- Step-up in basis – The elimination, at death, of the step-up in basis for gains over $1 million for individuals and $2 million for married couples has also been included. Currently, an heir benefits from a “step-up,” which adjusts the cost basis of the inherited property to the fair market value at the decedent’s date of death. Heirs may defer taxes on an inherited home or property until they sell the property. This proposal may require heirs to pay the full gain on the appreciated asset when they receive it, based on the decedent’s original cost basis.
Will the Stimulus Plans Lead to Inflation?
There is concern that all this spending will create a surge in inflation. Too much inflation could pressure the Federal Reserve to respond by tightening monetary policy sooner than planned. This could lead to the Federal Reserve reducing or terminating its current asset purchase program (a provider of liquidity to the markets) and/or raising interest rates.
We deem any recent spikes in inflation to be temporary due to a variety of factors such as supply chain disruption, re-opening of economies, and related pent-up demand. The Federal Reserve is likely to interpret a fairly stable 10-year treasury bond yield as an indicator that any spike in inflation would be temporary. In addition, despite the media attention to this, history tells us that periods of high debt do not always lead to surging inflation.3
What Happens Next?
Ultimately, we anticipate a long and drawn-out legislative process to attempt to pass the proposals as they stand today. In all likelihood, we expect spending and taxes to go up, but not to the extent of the current proposal.
If the proposals pass, the tax implications affect a small percentage of Americans.
- Personal income tax increases would impact single individuals whose taxable income exceeds $452,700, couples filing a joint return with taxable income exceeding $509,300, head of household filers exceeding $481,000 in taxable income, and married couples filing separately with taxable income over $254,650.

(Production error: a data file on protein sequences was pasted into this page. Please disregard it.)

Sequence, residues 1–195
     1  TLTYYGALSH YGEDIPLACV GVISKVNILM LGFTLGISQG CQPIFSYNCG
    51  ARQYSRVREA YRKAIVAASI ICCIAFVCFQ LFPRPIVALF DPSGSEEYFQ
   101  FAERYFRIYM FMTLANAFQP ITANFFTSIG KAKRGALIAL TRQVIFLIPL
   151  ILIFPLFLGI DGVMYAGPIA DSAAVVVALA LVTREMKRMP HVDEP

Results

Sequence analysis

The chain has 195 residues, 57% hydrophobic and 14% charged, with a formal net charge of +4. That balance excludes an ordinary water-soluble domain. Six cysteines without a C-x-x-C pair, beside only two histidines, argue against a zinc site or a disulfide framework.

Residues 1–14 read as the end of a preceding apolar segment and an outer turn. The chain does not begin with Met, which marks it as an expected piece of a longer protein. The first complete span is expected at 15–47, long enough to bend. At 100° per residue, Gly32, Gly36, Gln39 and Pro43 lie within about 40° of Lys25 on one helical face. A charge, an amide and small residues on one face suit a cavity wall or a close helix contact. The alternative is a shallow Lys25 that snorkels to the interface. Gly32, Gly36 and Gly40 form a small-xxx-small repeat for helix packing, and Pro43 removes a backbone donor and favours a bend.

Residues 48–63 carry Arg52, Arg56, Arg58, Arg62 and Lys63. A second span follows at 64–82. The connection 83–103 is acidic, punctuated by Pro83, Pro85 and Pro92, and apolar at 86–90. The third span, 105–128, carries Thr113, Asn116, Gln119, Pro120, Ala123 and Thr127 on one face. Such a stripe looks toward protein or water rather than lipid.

- A smaller cohort would be impacted by the capital gains proposal, which applies to taxpayers whose taxable income exceeds $1,000,000.
The media suggests these proposals may have a negative impact on the stock market, but historically, periods of rising taxes have not had major implications for markets. We continue to monitor the progress on these programs, their impact on your portfolio, and the opportunities they present. Please don’t hesitate to reach out to us if you have questions about the stimulus packages.
Julina Ogilvie, CIMA®, CPWA®
Megan Maruzo, MBA
1 Biden’s First 100 Days Were Historic for the Stock Market. What History Says Happens Next, Nicholas Janiski, Barron, May 2, 2021, https://www.barrons.com/articles/stocks-soared-during-bidens-first-100-days-what-history-says-happens-next-51619479357
2 Biden’s first 100 days mark best such stretch for S&P 500, Dow since FDR, MarketWatch, 4/29/2021, https://www.marketwatch.com/story/bidens-first-100-days-poised-as-best-such-stretch-for-s-p-500-dow-since-fdr-11619654492
3 Is 1970s-Style Inflation Coming Back? Bloomberg, using quarterly data as of 12/31/20, Federal Debt Total Public Debt as Percent of GDP, https://www.schwab.com/resource-center/insights/content/is-1970s-style-inflation-coming-back